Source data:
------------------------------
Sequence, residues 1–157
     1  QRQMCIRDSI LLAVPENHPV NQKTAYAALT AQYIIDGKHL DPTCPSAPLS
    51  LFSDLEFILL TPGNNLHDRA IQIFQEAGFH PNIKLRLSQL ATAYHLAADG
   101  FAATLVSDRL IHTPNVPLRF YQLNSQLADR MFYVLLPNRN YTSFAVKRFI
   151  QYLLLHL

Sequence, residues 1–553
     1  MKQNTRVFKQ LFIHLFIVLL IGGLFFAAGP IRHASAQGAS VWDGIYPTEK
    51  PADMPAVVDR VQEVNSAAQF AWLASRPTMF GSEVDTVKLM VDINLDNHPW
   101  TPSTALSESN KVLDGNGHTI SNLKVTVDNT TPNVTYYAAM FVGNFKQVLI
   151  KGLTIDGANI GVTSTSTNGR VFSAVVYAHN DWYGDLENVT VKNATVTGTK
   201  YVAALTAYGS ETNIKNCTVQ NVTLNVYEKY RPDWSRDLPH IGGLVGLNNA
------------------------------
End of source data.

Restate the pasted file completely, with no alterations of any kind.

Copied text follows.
Sequence, residues 1–157
     1  QRQMCIRDSI LLAVPENHPV NQKTAYAALT AQYIIDGKHL DPTCPSAPLS
    51  LFSDLEFILL TPGNNLHDRA IQIFQEAGFH PNIKLRLSQL ATAYHLAADG
   101  FAATLVSDRL IHTPNVPLRF YQLNSQLADR MFYVLLPNRN YTSFAVKRFI
   151  QYLLLHL

Sequence, residues 1–553
     1  MKQNTRVFKQ LFIHLFIVLL IGGLFFAAGP IRHASAQGAS VWDGIYPTEK
    51  PADMPAVVDR VQEVNSAAQF AWLASRPTMF GSEVDTVKLM VDINLDNHPW
   101  TPSTALSESN KVLDGNGHTI SNLKVTVDNT TPNVTYYAAM FVGNFKQVLI
   151  KGLTIDGANI GVTSTSTNGR VFSAVVYAHN DWYGDLENVT VKNATVTGTK
   201  YVAALTAYGS ETNIKNCTVQ NVTLNVYEKY RPDWSRDLPH IGGLVGLNNA